BRIEF DESCRIPTION OF THE DRAWINGS

FIG. 1 is a partial perspective view showing use of articulating paper within the mouth of a patient.

FIG. 2 is a perspective view showing an articulating paper coating dispenser in accordance with the present invention.

FIGS. 3A-3C are a sequence of elevation views, in cross-section along line 3-3 of FIG. 2, showing a manner of removing a segment of articulating paper from within an articulating paper coating dispenser in accordance with the present invention.

FIG. 4A is a partial enlarged view, in cross-section, showing a stored arrangement of a grip head as received within an articulating paper coating dispenser in accordance with the present invention.

FIG. 4B is a partial enlarged view, in cross-section, showing a grip head and attached articulating paper upon removal from an articulating paper coating dispenser in accordance with the present invention.

FIG. 5 is a partial enlarged view, in cross-section, showing an alternative stored arrangement of a grip head as received within an articulating paper coating dispenser in accordance with the present invention.

DETAILED DESCRIPTION OF THE PREFERRED EMBODIMENTS

Reference is now made to the drawings wherein like numerals refer to like parts throughout. In FIG. 1, a dental professional 10 is shown positioning an articulating paper 12 within the mouth of a patient 14. An articulating paper (Miller) forceps 16 are used by the dental professional 10 to assist in the positioning and removal of the articulating paper 12.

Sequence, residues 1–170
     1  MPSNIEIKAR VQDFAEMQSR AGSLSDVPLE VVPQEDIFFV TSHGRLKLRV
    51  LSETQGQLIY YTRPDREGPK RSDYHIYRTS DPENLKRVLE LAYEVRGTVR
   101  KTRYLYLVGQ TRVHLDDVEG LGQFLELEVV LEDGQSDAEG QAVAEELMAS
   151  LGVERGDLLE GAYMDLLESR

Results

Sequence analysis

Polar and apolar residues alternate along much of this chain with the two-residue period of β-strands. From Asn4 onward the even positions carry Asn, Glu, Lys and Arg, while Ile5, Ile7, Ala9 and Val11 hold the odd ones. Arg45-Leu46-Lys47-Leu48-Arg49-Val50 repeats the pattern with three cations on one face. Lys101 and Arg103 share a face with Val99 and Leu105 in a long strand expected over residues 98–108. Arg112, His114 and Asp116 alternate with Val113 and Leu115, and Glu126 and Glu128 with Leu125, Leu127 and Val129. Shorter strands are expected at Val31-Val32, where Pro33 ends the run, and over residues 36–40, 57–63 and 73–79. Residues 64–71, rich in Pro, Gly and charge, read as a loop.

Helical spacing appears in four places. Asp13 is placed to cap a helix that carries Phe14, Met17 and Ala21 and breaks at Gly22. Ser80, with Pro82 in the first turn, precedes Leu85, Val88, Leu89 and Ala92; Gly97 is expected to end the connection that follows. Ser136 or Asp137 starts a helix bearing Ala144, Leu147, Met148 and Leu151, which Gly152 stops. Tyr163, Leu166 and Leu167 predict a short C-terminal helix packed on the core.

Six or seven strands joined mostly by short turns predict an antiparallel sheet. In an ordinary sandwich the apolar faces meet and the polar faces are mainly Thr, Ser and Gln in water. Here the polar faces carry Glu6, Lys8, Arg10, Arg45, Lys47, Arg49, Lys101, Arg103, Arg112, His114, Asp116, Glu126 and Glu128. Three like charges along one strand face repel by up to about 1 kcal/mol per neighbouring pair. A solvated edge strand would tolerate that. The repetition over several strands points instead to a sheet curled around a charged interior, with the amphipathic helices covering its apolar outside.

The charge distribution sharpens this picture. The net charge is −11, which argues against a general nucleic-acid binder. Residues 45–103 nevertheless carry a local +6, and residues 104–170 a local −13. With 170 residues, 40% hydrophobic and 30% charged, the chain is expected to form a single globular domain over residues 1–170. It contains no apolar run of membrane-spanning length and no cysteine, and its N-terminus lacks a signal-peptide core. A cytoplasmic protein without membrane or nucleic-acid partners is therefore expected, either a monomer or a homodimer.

As shown in FIG. 2, in accordance with the present invention an articulating paper coating dispenser 20 is provided. The articulating paper 12 is substantially received within an outer housing 24. A grip head 28 is attached to a lateral edge of the articulating paper and projects from the outer housing 24 at a lateral opening 32. The grip head 28 is preferably fabricated out of a more rigid material than the articulating paper 12 and is utilized to form a secure, sealed relationship between the articulating paper 12 and the outer housing 24.

The grip head 28 also provides a convenient handle manipulating the articulating paper 12, whether when removing the articulating paper 12 from the outer housing 24 through the lateral opening 32 or during its employ to obtain occlusal registration information from a patient using the forceps 16 (as shown in FIG. 1). The extraction process is best described with reference to FIGS. 3A-3C.

In FIG. 3A the articulating paper 12 is fully received within the outer housing 12. The grip head 28 is preferably removably attached to the outer lateral edges of the outer housing 12 utilizing, for example, an adhesive or ultrasonic welding. A linear tracing of petroleum jelly 34 is located within the outer housing 16 and adjacent its location of linear attachment to the grip head 28.

As is best shown in the enlarged view of FIG. 4A, a head liner 38 is preferably located between the grip head 28 and the articulating paper 12. To prevent the possible degradation of the articulating paper 12 due to extended contact with petroleum jelly, the linear tracing of petroleum jelly 34 is received by a head liner 38. As so arranged, the articulating paper coating dispenser is substantially shelf-stable.

When need of articulation paper arises, the dental professional 10 (not shown in FIGS. 3 and 4) grasps the grip head 28, either using his/her hands or using the forceps 16, and breaks the releasable attachment of the grip head 28 to the outer housing 24. Such manipulations might consist of bending or rocking the grip head 28 relative to the outer housing 24, until the grip head 28 is separated from the outer housing 24.